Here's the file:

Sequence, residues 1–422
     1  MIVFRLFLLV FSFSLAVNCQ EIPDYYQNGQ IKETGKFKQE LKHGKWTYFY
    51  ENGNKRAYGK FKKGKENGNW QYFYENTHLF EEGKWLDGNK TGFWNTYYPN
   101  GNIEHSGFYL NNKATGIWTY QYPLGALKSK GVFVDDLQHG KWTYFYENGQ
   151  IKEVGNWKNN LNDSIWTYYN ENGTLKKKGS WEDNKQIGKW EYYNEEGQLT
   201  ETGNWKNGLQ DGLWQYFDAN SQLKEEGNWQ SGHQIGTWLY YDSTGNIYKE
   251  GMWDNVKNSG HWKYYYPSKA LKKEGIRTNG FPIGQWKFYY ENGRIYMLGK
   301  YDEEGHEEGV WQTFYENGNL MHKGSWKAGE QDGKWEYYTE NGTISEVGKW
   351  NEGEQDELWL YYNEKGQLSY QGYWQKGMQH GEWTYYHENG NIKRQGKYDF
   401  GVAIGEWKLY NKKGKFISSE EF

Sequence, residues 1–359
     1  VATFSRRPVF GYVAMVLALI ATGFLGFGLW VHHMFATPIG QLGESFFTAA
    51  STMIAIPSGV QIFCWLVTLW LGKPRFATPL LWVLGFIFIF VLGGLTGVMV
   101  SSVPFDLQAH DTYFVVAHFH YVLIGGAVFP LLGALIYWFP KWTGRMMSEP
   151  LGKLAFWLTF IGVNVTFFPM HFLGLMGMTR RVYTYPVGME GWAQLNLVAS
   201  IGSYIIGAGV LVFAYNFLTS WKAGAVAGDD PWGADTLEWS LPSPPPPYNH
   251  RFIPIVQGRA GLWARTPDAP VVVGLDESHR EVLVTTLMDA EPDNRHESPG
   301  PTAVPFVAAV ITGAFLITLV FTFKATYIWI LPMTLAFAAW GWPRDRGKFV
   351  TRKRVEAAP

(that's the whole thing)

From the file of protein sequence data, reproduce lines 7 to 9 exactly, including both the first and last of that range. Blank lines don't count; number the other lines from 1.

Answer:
   251  GMWDNVKNSG HWKYYYPSKA LKKEGIRTNG FPIGQWKFYY ENGRIYMLGK
   301  YDEEGHEEGV WQTFYENGNL MHKGSWKAGE QDGKWEYYTE NGTISEVGKW
   351  NEGEQDELWL YYNEKGQLSY QGYWQKGMQH GEWTYYHENG NIKRQGKYDF